Writing The Last in June and July of 2014 was an exciting time for me. I started writing at the beginning of summer and the first draft was finished within 24 days. Two years and four drafts later, I have a historical fiction novella that I am genuinely proud to claim as my own work. The Last benefited greatly from several volunteer readers over the last two years. The feedback I received from those individuals spurred the various revisions that created the present novella. Insight from Father Bob Lubic was of considerable help. His suggestions and wisdom were of special worth to me and I greatly appreciate the time he invested with The Last.
The first draft of The Last was also the final piece of my writing that my grandmother read before she passed in July of 2014. She had always been the greatest advocate of my writing and I’m grateful I had the opportunity to share this one with her.
I have seriously kicked the tires on making The Last the final novella in a trilogy of historical fiction pieces (each with a slight supernatural edge) concerning the Byzantine Empire. I had even seriously considered using the Battle of Yarmouk and the Byzantine Iconoclasm as potential foundations for the two other (“previous”) installments (the Battle of Manzikert and the Fourth Crusade are two other options).
Researching for this project also opened the door for my love affair with Byzantine history. I am simply unable to read enough about the topic and I don’t intend to bring this romance to an end anytime soon. If you are looking for just a taste of Byzantine history, I suggest you start here.
The fall of Constantinople was one of those amazing turning points in history and I do believe I’ve captured the essence of that event’s significance in The Last. Below, I have shared quotes that really helped me capture the characterizations of George Sphrantzes, an imperial courtier, and Emperor Constantine XI Dragas Palaiologos. These quotes communicate a great deal about the foreboding that existed in Constantinople just before the Ottoman siege in 1453.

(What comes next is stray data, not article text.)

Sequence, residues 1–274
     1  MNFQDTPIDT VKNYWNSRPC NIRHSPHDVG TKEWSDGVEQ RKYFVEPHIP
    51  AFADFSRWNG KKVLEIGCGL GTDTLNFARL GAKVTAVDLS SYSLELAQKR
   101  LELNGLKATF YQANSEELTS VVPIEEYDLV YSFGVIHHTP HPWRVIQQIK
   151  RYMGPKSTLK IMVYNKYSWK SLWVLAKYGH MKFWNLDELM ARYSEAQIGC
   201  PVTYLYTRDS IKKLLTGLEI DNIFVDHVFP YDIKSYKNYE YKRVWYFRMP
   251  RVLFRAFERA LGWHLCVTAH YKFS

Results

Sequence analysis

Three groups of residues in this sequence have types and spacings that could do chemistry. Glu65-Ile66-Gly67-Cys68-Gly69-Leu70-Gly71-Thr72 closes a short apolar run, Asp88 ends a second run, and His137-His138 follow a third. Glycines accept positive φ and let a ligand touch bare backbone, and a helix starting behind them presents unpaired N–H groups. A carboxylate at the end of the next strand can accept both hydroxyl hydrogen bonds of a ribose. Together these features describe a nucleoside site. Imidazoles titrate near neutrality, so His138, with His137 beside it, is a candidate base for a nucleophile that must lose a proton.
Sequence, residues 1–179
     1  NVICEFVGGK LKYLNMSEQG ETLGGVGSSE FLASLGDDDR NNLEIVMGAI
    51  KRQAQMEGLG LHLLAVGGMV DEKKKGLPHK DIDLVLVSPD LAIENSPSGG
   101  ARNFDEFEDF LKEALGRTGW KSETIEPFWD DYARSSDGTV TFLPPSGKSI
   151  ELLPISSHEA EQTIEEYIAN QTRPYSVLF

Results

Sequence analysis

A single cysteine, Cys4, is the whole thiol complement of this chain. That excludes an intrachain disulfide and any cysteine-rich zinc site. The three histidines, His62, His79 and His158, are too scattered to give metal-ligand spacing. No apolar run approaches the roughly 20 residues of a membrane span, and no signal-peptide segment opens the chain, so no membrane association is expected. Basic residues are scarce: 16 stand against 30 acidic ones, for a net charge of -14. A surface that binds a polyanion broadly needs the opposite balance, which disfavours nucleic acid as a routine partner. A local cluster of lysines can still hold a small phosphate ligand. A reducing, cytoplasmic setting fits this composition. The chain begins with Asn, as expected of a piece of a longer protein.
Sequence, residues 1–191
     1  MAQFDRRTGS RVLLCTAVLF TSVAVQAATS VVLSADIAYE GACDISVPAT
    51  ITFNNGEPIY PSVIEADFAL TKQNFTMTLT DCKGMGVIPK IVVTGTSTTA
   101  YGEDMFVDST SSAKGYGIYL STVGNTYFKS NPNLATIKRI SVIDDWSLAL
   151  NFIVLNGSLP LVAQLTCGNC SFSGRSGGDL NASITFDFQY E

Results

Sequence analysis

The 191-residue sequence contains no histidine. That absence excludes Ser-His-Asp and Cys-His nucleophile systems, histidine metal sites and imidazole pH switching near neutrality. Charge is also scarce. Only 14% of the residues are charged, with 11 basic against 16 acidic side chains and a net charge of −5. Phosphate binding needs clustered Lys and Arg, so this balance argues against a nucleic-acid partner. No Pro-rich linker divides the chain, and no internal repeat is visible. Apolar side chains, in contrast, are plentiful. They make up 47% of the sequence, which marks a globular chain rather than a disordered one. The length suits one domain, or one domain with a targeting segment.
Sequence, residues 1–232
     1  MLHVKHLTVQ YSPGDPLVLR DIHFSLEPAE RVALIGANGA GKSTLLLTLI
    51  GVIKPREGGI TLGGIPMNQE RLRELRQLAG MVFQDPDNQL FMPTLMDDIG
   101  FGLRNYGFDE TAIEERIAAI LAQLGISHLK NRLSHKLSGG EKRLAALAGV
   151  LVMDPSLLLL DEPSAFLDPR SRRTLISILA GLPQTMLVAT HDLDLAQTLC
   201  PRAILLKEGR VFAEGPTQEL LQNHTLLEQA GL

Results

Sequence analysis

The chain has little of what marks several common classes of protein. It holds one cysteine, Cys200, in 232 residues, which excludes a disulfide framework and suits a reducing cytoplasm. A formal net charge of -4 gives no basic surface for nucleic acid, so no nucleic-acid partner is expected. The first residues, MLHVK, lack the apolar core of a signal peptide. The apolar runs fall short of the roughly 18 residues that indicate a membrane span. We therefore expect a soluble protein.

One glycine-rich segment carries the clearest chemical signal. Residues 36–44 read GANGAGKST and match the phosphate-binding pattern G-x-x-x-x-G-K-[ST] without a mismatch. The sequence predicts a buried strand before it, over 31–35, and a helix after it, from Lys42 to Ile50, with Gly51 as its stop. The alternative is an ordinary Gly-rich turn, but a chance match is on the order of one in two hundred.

“On the same night of May 28th  I had a dream: it seemed to me that I was back in the City; as I made a motion to prostrate myself and kiss the Emperor’s feet, he stopped me, raised me, and kissed my eyes. Then I woke up and told those sleeping by me: ‘I just had this dream. Remember the date.’ ”
Roman (Byzantine) Imperial Ambassador
“But how can I do this and leave the clergy, the churches of God, the empire and all of the people?
What will the world think of me, I pray, tell me?
No, my lords, no: I will die here with you. ”
– Constantine XI Dragas Palaiologos,
in Christ true Emperor and Autocrat of the Romans
The quote from Constantine XI is really at the heart of The Last. The sense of responsibility and determination in that man must have been absolutely astounding.
Including the prologue, a list of characters, and a handful of illustrations, The Last runs 13,473 words over 45 pages.
The Emperor raised his sword into the air.
“Kýrie, eléison!” He called, “Lord, have mercy!”